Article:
If we consider the camera example above, we notice three cameras all measuring the same event, just viewing the spring in a slightly different way. Thus, some of these features are a bit redundant.

Unsupervised learning methods can tell us which features don’t carry much information or are highly correlated with each other, allowing the model to learn more efficiently.

In this picture, we can understand that there is some raw data that has many items that are unsorted and uncategorized which are fed into the machine learning algorithm. It does not have any training dataset or output that helps to sort the data like in supervised learning.

Firstly, the machine-learning algorithm interprets the given dataset by itself to understand the hidden patterns inside the dataset, and then it sorts the dataset using the patterns.

There are many algorithms, which are able to work with unsupervised algorithms. When we apply the proper algorithm like k means clustering or decision tree, etc. then it groups the data into categories according to the patterns it finds from the dataset.

**Clustering** methods aim to group data based on similarities or differences to other data within the same set. We’ve seen an example of K-means clustering in the context of classification, where data points are grouped based on a centroid. There are many other methods to group data, such as hierarchical clustering and DBSCAN.

Association rule is a method that helps to find some relations between the variables in a given large dataset. It helps to find the set of data that occurs combined in a dataset.

You can imagine that you’re in a grocery store, and you’re trying to find some milk. You know from experience that milk is in the refrigerator aisle without explicitly being told it’s there. Additionally, because you’re buying milk, there is a high probability that you’re in the store to buy something to go with that milk, like cereal.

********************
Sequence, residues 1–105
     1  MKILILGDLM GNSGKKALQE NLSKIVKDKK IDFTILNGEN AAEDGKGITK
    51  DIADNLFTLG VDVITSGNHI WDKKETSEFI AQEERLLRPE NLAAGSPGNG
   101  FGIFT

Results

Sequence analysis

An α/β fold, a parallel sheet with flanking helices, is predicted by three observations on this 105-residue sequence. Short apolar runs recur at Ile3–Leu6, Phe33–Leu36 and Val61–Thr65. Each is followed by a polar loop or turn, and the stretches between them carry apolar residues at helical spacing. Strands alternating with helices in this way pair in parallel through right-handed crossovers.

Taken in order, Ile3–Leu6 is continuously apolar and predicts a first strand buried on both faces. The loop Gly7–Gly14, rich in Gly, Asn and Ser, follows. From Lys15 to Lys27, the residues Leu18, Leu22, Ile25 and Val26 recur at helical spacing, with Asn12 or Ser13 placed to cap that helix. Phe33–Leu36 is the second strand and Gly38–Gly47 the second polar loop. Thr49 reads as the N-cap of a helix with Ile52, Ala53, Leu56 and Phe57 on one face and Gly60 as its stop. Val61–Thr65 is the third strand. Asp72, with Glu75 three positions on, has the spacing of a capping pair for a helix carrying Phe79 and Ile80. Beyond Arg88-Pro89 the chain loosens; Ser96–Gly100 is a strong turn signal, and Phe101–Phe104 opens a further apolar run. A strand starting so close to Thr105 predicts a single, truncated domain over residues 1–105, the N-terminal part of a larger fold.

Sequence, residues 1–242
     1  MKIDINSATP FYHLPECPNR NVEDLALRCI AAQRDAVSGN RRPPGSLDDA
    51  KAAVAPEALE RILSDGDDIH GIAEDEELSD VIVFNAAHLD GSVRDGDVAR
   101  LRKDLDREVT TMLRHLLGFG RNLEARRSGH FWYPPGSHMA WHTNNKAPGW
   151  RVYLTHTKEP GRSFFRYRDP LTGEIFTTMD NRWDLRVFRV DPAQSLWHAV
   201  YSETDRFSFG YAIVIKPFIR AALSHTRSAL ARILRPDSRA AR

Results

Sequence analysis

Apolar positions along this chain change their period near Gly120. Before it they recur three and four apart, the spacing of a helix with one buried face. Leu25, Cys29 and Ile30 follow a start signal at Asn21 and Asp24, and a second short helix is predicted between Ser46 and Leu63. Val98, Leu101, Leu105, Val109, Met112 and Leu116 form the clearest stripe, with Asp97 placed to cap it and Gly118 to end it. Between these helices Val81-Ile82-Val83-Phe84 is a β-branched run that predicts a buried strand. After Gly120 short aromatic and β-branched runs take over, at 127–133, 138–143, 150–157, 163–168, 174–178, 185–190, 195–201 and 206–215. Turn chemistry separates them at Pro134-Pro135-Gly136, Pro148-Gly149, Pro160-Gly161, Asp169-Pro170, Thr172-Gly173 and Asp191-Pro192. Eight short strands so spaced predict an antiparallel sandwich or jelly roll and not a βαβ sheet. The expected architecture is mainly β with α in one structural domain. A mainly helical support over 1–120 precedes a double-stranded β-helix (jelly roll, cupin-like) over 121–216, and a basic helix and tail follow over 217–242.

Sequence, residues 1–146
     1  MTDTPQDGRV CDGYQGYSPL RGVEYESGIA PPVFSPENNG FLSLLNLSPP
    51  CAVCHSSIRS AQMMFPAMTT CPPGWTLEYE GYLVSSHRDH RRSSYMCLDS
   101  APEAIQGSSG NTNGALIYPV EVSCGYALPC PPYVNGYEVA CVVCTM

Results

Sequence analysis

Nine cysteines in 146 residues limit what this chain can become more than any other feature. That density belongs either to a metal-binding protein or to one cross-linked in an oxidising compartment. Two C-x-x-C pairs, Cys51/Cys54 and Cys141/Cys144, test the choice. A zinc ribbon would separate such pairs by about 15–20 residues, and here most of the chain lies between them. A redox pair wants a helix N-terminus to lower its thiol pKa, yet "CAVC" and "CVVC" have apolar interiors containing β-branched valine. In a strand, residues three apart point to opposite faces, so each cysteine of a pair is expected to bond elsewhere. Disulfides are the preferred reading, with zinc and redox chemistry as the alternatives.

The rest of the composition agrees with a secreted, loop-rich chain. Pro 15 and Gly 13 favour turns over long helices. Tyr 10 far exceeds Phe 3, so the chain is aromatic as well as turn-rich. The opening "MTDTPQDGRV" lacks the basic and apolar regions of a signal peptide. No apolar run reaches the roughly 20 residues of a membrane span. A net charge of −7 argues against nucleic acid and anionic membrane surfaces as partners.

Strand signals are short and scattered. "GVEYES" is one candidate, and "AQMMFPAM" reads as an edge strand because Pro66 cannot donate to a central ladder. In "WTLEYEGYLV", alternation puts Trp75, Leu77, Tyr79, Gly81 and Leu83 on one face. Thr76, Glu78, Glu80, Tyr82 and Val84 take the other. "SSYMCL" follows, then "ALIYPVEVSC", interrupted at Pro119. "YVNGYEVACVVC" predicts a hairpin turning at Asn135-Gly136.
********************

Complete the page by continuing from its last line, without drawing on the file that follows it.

This buying experience is an example of **association rules** that aim to find relationships between variables within a given dataset based on probabilities.

**Dimensionality reduction **aims to reduce the number of features within a dataset and compress it so that only the most meaningful features remain. The principal component analysis is one method to reduce the number of features in a dataset.

When using unsupervised learning we have some advantages we listed below

- It can be used for many real-life complex tasks as it doesn’t need a trained dataset.
- It is worth using unsupervised learning to get unlabeled data in comparing labeled

While unsupervised learning can be a great way to model and understand your data, there are some challenges to be aware of:

- A human needs to interpret the results and define metrics of success.
- It can be computationally intensive with long training times, depending on the algorithm.
- It is difficult to interpret the inner workings of an unsupervised learning model.

- K-means clustering
- KNN (k-nearest neighbors)
- Hierarchical clustering
- Anomaly detection
- Neural Networks
- Principal Component Analysis
- Independent Component Analysis
- Apriori algorithm
- Singular value decomposition